The most effective and well-known ways to reduce the risk of stroke can be summed up as a heart-healthy lifestyle. These would include getting enough physical activity, avoiding tobacco use, maintaining weight, moderating salt intake etc.

But studies have also suggested that certain foods, habits, and beverages may be tied to a lower risk. Here are five of them that may surprise you:

1. Sauna

You may want to go ahead and book that sauna session you've been planning for ages. A new study published in the journal Neurology found that the most frequent sauna users (four to seven times a week) were 60 percent less likely to have a stroke compared to those who took only one sauna per week.

"Saunas appear to have a blood pressure lowering effect, which may underlie the beneficial effect on stroke risk," said study author Dr. Setor Kunutsor. The heat in saunas can increase blood flow to the skin, stimulate the immune system, and promote better heart health.

2. Chocolate

Research has claimed that moderate consumption of chocolate may be linked to a lower risk of stroke. Studies have found that it can do so for both men and women. While a causal relationship has not been established as of yet, experts believe that flavonoids in chocolates act as powerful antioxidants and anti-inflammatory agents, benefitting both the heart and the brain.

Moderate intake of dark chocolate with lower concentrations of sugar and higher concentration of cacao may be the best choice to consider. However, this is not recommended for overweight people as weight gain can increase the risk of stroke.

3. Floss

Here is another reason to stop feeling lazy about brushing and flossing at night. "It appears that good dental hygiene can do more than just keep your teeth and gums healthy — it may also lower your risk of heart disease and stroke," said lead author Dr. Souvik Sen.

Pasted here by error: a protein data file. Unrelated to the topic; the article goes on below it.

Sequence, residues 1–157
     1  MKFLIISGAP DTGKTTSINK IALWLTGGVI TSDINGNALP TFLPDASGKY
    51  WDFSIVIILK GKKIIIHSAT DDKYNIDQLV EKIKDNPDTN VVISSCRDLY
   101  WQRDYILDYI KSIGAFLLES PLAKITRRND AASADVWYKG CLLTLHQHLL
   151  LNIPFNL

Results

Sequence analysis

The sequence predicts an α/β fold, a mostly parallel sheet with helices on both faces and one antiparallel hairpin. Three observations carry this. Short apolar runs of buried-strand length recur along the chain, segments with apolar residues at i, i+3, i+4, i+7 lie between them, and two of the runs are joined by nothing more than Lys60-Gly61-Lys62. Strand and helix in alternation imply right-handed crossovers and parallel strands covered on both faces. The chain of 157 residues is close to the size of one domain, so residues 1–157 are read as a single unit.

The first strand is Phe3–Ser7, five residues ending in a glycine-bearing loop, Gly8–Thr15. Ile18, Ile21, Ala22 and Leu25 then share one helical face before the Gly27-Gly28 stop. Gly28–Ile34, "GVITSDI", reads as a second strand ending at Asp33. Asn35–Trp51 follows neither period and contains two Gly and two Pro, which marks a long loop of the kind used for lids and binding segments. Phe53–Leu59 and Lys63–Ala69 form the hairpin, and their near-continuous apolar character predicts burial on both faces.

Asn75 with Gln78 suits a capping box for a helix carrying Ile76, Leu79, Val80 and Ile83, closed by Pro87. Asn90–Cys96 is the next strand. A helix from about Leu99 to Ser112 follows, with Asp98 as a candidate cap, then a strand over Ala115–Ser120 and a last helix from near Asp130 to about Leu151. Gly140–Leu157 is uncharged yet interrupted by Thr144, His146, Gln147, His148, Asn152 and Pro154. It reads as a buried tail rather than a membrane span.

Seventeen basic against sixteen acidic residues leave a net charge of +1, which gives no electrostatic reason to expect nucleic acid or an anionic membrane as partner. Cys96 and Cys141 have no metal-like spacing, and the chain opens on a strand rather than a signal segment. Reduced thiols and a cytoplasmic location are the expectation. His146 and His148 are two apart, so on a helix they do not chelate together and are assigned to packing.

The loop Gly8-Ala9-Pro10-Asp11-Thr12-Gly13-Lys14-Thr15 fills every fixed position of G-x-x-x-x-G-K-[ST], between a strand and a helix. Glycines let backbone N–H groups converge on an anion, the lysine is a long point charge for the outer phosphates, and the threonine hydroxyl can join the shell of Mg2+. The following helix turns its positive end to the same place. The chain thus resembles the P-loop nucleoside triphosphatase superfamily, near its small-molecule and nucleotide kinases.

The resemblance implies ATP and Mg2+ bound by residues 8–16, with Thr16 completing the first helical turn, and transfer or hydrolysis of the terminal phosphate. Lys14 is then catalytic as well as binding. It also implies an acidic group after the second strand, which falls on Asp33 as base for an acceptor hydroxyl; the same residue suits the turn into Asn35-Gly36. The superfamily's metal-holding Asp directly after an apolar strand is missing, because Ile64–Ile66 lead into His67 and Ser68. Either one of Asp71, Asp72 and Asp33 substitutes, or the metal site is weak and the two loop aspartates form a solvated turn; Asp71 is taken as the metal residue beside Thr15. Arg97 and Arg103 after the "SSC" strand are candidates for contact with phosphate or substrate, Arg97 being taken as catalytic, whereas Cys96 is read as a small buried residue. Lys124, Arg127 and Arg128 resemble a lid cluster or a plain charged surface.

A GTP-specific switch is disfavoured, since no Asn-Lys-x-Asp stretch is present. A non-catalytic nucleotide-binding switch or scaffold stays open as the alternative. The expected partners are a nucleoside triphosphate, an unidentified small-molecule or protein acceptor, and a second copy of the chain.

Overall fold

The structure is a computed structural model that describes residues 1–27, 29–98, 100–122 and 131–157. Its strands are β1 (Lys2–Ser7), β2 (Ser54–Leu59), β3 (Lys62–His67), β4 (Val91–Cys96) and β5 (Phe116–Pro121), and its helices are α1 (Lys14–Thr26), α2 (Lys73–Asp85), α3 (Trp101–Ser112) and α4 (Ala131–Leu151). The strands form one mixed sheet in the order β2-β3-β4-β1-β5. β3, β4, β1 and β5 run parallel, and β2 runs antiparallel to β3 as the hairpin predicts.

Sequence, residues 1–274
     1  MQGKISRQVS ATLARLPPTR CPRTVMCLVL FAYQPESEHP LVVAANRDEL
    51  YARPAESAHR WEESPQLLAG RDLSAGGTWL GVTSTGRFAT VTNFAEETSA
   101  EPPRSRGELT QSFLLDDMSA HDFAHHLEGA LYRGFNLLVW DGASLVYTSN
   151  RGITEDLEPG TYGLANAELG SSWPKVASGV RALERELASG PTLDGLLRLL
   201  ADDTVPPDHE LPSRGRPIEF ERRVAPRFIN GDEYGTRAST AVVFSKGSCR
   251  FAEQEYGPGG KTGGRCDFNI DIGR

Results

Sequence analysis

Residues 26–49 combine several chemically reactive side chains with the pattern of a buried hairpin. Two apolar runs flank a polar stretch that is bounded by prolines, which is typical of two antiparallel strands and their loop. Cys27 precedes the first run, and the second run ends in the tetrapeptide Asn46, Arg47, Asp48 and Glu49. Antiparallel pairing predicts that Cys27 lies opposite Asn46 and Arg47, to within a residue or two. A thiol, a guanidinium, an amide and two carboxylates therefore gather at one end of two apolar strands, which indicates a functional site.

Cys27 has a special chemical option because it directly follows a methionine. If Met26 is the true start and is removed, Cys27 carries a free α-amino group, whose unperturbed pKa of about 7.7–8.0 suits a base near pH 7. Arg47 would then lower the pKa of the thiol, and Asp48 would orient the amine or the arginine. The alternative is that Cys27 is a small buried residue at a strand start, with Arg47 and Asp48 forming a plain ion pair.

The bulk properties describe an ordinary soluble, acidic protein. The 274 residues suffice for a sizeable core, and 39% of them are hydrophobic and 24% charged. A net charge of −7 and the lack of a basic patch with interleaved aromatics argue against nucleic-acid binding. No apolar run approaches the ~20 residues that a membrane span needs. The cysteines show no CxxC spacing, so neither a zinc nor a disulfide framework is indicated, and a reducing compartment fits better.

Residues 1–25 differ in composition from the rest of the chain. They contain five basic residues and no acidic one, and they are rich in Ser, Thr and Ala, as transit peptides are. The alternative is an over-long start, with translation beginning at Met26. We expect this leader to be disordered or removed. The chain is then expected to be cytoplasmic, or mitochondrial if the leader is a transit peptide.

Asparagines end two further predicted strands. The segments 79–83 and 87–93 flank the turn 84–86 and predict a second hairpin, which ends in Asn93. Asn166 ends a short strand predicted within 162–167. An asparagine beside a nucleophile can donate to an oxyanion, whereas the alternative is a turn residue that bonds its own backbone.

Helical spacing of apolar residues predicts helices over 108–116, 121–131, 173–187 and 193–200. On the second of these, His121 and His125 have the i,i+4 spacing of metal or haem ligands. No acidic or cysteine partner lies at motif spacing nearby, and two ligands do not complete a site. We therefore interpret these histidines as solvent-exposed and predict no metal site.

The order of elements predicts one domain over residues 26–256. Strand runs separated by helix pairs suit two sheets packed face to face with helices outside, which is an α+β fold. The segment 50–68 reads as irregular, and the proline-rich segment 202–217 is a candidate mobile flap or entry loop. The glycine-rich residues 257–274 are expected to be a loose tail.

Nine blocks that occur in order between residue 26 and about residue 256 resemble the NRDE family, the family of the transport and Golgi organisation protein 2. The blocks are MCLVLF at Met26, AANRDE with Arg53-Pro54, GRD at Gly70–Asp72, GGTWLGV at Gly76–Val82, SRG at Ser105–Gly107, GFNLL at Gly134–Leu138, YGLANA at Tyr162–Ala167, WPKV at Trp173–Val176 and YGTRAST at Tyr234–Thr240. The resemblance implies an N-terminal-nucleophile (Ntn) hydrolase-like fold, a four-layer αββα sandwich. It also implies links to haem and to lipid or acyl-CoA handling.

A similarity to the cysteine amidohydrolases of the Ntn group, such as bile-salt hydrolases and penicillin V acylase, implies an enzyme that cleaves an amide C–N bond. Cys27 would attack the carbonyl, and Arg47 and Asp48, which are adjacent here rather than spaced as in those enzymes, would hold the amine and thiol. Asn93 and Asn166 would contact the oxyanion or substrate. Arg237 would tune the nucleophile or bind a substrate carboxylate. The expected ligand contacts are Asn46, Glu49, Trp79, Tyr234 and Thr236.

The reason may be attributed to atherosclerosis, the narrowing of arteries which is a major risk factor for stroke. As gum health improves, the progression of atherosclerosis slows to a clinically significant degree. While studies have shown correlation, the American Heart Association has deemed the evidence inconclusive to suggest causation. 

4. Sex

Well, it does count as physical activity, doesn't it?

"Middle-aged men should be heartened to know that frequent sexual intercourse is not likely to result in a substantial increase in risk of strokes and that some protection from fatal coronary events may be an added bonus," stated a cohort study with a 20-year follow up.

The reason may be that sexual intercourse prevents the build-up of the chemical homocysteine in men. At high levels, it can increase the risk of blood clots and heart attacks.

5. Coffee

While many believe that caffeine could be a trigger for heart problems, recent studies have found coffee to be safe, even suggesting that it may help people with irregular heart rhythms.

Another 2017 study analyzed data from the Framingham Heart Study and found that drinking coffee was associated with a decreased risk of developing heart failure by 7 percent and stroke by 8 percent when compared with non-coffee drinkers.